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DDoS Attacks: A History of their Evolution

16 April 2019 by UKFast

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Over the last two decades, dramatic changes in the tech industry have altered the changing landscape of advancing cyber-attacks. The threat of DDoS (Distributed Denial of Service) attacks is increasing and evolving.

But where did it all begin? Let’s find out.

Let’s refresh ourselves on DDoS attacks

A DDoS attack occurs when an attacker attempts to make it impossible for a service to be delivered. This is done by denying access to servers, devices, services, networks or applications. In a DoS (Denial of Service) attack, one system sends malicious data or requests to a server. In a more complex DDoS attack, multiple systems drown another with requests for data.

The result is so many requests sent to a webpage or database that it crashes under the demand. The consequences can range from mildly disrupted services to entire websites and businesses going offline. Downtime on sites is damaging, especially for those that depend on being online 24/7/365. Unfortunately, these attacks are increasing in intensity.

So, when was the first attack?

The first ever DoS attack occurred in 1974, when a 13-year-old boy called David Dennis wrote a programme that remotely locked up multiple terminals in a university computer lab.

In the early 2000s, DoS attacks consisted of a single machine sending a single attacking signature, automated by manual keyboard entries. As this proved inefficient, attacks moved from manual to semi-manual. This involved a simple script combined with a number of loops enabling a level of automation.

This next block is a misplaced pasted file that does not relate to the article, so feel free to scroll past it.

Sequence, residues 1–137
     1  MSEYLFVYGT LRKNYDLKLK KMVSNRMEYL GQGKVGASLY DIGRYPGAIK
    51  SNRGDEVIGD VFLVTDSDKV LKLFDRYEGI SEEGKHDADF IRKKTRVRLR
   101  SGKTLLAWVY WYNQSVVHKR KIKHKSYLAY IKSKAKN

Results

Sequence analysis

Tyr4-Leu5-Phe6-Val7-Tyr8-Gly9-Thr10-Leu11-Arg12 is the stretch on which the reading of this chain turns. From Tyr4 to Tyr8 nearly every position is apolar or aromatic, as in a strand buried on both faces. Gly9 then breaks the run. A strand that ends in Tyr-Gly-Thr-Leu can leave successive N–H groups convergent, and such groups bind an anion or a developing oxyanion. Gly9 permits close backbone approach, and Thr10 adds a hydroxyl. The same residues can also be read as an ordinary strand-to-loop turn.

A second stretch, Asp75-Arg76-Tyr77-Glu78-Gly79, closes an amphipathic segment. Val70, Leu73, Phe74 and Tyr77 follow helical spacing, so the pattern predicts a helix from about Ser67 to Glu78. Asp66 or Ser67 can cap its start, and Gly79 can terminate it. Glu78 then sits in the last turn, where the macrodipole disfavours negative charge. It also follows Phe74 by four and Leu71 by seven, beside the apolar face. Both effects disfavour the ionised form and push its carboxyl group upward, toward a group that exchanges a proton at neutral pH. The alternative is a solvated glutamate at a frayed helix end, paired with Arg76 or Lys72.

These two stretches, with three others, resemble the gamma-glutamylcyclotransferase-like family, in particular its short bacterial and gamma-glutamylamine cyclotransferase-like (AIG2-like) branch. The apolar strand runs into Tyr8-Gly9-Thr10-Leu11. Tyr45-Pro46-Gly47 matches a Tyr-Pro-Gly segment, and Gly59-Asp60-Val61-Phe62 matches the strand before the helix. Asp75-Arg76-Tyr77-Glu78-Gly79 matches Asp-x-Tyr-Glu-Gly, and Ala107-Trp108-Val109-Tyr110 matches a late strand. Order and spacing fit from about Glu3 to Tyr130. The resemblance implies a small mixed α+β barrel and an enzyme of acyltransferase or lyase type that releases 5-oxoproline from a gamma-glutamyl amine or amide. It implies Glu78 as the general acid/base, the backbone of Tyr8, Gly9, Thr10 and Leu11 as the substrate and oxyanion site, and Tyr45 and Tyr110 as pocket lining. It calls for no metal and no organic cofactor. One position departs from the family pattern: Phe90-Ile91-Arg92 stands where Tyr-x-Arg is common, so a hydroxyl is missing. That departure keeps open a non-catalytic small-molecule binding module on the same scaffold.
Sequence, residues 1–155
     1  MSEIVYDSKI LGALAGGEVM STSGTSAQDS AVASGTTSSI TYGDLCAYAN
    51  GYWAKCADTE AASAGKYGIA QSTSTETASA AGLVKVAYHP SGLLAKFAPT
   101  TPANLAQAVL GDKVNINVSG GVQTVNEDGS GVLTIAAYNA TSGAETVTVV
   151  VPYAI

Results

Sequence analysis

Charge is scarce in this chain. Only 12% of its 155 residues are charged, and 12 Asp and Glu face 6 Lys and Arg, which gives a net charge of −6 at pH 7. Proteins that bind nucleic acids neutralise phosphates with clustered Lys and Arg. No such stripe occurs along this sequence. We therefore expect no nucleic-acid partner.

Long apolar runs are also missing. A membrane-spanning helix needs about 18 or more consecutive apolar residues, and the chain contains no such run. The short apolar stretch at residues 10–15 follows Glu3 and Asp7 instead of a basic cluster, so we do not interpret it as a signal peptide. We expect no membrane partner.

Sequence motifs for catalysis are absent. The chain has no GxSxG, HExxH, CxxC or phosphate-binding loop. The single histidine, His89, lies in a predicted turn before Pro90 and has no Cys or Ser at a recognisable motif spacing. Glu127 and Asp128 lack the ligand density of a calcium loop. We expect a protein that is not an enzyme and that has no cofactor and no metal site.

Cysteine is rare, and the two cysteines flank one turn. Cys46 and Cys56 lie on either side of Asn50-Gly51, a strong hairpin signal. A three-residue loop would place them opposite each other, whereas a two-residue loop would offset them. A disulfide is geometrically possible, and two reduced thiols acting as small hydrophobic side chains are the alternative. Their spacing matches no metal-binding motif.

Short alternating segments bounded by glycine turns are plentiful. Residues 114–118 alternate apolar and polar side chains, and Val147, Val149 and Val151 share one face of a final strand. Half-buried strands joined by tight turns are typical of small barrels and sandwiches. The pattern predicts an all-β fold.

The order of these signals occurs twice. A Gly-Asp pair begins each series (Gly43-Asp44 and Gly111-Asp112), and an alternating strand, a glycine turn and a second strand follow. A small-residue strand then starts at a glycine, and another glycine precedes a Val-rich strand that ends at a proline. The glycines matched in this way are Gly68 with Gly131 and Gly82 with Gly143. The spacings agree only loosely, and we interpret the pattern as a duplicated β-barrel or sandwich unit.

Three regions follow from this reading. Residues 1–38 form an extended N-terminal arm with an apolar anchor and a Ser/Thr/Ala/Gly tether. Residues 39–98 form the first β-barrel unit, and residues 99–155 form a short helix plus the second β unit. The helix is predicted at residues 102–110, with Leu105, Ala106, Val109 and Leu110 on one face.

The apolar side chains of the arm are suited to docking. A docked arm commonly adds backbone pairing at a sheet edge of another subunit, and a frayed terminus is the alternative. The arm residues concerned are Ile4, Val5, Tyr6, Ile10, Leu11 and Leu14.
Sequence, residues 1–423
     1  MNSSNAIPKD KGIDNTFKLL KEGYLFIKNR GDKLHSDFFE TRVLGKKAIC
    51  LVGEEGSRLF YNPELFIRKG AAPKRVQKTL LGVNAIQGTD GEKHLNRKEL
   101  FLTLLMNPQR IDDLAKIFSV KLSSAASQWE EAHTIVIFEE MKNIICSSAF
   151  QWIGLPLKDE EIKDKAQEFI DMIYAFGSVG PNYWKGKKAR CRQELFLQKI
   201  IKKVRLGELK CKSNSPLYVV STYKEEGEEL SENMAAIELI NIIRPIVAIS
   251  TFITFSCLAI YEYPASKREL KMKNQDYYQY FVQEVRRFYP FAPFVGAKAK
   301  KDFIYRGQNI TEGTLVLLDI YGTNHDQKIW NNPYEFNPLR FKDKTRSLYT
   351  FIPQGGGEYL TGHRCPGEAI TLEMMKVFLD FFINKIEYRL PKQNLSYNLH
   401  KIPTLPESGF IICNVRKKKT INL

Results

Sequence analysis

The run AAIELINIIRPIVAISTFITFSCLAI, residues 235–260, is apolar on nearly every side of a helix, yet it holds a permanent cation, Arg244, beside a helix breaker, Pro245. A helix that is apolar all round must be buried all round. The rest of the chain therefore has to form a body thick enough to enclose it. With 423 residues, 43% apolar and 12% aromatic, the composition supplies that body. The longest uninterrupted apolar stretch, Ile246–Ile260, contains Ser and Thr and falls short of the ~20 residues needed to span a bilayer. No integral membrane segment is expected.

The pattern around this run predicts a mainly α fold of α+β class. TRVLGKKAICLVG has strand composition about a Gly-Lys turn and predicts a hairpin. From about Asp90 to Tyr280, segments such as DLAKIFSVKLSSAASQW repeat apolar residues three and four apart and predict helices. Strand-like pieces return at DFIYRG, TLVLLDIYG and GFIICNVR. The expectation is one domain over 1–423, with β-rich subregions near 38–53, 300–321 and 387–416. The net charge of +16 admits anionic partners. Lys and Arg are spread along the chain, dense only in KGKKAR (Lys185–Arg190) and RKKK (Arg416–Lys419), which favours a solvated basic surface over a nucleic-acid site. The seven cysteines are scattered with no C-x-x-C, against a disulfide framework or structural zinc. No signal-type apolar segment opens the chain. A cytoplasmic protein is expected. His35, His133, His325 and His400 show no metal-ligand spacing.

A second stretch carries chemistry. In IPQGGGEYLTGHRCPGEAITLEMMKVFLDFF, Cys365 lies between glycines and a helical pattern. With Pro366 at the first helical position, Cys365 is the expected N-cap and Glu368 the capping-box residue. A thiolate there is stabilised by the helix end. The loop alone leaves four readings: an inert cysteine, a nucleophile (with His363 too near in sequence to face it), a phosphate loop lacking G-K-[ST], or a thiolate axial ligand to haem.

The development of semi-manual attacks and malware

Semi-automated attacks meant targeting multiple IP sources, and coincided with the introduction of command and control (C&C) servers. This style of attack became known as DDoS. Predefined commands from C&C servers carry out a set pattern of signature attacks. This meant that although the intelligence of DDoS attacks was the same as DoS, the reach was far greater.

A major development in DDoS attacks arrived with the automatic spreading of malware. Malware describes malicious software and marked the start of fully automated DDoS attacks, giving them an even greater distribution and allowing them to be scheduled without human intervention.

IoT and AI-based attacks

Fast forward to the present day and we’re seeing a significant rise in the number of DDoS attacks utilising IoT and AI.

IoT-based devices generally have a lack of security. They’re hacked easily and turned into a botnet due to their everyday use and their insecure IP address. Over the past five years, IoT-based attacks have been increasing. They provide a straightforward pathway for an attacker to take advantage of an insecure IP address and gain access to a network, spreading damaging malware.

AI is dramatically transforming the landscape of DDoS attacks. The most modern DDoS attacks combine all the power of IoT-based attacks with AI, various feedback loops and automatic optimisations.

The result is a more powerful form of DDoS attack which harnesses the ability to adapt as the defence changes. This naturally presents a number of challenges previously undetected and irrelevant due to the reliance upon humans. AI-based attacks rely solely upon a computer, which never tires or stops attacking. They also render human defence mechanisms useless – the only way to fight a machine is with another machine.

Essentially, there has been a steady removal of human intervention over the history of DDoS attacks. Present-day attacks can now go on for much longer and have a much greater reach than their predecessors, making it more crucial than ever to protect your business against the DDoS threat.

UKFast’s DDoS protection service – DDoSx®­ – detects and prevents even the most sophisticated of DDoS attacks, filtering out bad traffic so that your server only receives genuine traffic. DDoSX keeps your business online 24/7/365, even in the event of a DDoS attack.

Discover DDoSX today and protect your business from the most sophisticated of cyber-attacks.